In the view of many ransom specialists, the main reason demands have increased so dramatically is government involvement. Insurers and negotiators want to minimize payouts. The larger the sum, the more challenging payment becomes. Banks question multi-million cash withdrawals, and delivery to desolate locations is complex, time consuming, and expensive. Once a government gets involved, however, these barriers are removed, reducing the incentive to minimize payment amounts. For those working in the industry, payments in the “multiple millions” indicates the influence of governments, since most insured demands are only in the thousands or tens of thousands of dollars. Few payments reach six figures. Indeed, although some governments, namely the United States and United Kingdom have strict no-pay policies, recent cases involving Denmark and Germany suggest that several other governments are increasingly involved in ransom negotiations.

With kidnappings more frequent and dramatic than ever, it is time to reassess the policies and methods for dealing with terrorist groups. The Obama administration, for one, is undertaking a comprehensive review of how its departments and agencies address the kidnapping of U.S. citizens. And that, in itself, reveals a key difference between the position of Obama and those of most other national leaders. The United States has options that most other countries lack. It can trade captives: In May 2014, U.S. Army Sergeant Bowe Bergdahl was released in a swap for prisoners held at Guantanamo Bay. Most other nations don’t have captives with which to do the same. The United States can conduct high-tech night-time raids: In the summer, it was revealed that, in a vain attempt to find and secure journalist James Foley, U.S. military forces mounted a night-time raid in Syria. And in late 2014, the U.S. military also made two unsuccessful attempts to free Luke Somers. No matter the success rate of these tactics, they simply aren’t available to most other nations—the only tool they have at their disposal is cash.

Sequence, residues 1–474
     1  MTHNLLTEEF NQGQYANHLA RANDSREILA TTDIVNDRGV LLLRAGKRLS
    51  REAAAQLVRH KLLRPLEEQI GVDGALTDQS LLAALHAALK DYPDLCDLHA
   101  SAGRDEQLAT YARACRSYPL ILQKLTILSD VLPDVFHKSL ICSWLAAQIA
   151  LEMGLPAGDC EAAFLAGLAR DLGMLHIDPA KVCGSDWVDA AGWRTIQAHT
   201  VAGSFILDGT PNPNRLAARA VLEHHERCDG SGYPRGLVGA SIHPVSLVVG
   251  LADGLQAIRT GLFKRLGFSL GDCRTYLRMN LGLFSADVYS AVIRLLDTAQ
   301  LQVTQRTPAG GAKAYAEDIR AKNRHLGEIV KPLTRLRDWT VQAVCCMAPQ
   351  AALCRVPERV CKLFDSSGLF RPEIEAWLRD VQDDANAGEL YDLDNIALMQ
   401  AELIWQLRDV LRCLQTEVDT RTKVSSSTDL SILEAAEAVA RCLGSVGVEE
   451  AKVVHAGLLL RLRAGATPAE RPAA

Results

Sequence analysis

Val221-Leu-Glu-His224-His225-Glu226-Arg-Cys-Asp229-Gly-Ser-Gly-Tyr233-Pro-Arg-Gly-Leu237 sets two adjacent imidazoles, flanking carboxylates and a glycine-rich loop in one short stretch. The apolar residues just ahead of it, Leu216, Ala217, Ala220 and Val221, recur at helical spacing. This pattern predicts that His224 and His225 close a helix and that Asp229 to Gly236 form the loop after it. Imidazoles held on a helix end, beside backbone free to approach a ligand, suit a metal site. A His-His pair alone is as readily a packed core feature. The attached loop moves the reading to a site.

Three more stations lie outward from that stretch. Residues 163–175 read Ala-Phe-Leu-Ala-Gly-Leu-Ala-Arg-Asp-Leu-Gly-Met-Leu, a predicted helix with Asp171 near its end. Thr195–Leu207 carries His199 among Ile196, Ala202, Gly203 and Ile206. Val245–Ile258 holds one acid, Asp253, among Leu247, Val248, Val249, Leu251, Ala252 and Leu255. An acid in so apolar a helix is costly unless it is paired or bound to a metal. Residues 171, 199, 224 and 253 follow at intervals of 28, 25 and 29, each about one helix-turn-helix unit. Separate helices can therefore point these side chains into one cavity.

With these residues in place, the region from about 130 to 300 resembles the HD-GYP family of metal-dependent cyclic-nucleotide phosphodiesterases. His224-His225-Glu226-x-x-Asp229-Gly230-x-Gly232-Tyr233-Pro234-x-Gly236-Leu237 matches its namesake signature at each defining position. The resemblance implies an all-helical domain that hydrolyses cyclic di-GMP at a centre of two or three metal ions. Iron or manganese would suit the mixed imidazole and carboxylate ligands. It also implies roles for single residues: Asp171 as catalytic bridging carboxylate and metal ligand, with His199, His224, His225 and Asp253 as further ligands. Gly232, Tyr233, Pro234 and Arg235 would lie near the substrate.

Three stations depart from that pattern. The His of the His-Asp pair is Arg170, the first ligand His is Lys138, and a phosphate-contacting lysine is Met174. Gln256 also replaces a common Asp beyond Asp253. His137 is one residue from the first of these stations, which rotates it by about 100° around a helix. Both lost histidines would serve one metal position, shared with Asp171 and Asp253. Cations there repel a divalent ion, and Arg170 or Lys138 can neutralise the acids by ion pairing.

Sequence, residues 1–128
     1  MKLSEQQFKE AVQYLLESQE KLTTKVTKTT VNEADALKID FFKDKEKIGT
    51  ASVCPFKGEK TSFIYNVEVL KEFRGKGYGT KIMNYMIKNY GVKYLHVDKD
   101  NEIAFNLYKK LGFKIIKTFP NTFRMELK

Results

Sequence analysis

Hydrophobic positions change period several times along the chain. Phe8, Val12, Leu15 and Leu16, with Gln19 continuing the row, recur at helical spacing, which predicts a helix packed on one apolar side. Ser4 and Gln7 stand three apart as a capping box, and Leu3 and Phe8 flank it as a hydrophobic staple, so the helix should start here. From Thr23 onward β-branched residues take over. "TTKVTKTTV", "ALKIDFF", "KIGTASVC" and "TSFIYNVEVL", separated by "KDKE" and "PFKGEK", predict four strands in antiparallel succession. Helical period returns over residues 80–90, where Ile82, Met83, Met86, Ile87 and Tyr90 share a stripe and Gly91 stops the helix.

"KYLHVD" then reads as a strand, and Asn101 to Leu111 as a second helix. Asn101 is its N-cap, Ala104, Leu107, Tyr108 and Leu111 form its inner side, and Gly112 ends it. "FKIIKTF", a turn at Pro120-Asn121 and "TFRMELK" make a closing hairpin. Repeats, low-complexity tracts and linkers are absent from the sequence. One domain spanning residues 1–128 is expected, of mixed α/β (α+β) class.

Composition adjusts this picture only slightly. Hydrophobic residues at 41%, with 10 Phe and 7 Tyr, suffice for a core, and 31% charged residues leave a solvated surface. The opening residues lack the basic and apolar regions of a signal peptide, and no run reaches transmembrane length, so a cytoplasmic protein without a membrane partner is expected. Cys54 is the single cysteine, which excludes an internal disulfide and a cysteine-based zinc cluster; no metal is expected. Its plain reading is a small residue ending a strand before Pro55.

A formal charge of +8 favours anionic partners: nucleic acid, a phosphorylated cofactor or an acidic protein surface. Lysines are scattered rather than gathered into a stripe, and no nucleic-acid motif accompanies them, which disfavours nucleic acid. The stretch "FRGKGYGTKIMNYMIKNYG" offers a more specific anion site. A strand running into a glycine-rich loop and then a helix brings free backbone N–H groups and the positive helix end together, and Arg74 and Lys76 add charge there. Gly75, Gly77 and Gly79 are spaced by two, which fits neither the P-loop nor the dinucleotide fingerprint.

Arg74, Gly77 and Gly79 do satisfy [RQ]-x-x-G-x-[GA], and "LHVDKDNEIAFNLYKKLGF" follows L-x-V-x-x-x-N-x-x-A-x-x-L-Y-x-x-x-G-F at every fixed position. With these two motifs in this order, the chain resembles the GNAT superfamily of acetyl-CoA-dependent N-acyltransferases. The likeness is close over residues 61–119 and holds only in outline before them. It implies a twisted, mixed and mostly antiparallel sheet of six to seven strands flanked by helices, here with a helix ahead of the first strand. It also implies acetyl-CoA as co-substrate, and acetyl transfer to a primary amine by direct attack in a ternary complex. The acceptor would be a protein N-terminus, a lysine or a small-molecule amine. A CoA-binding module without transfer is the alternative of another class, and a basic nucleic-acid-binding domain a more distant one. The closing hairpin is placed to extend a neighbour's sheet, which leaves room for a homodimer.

There is no doubt that ransom payments by certain national governments have encouraged more kidnappings and higher ransom demands. But it is also undoubtedly the case that, if a nation’s citizens are held hostage, it is a brave (some would say heartless) government that turns its back on the only tool at its disposal and allows the murder of its citizens.

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  • TOM KEATINGE is a former investment banker at J.P. Morgan and Director of the Centre for Financial Crime & Security Studies at the Royal United Services Institute. Follow him on Twitter @keatingetom.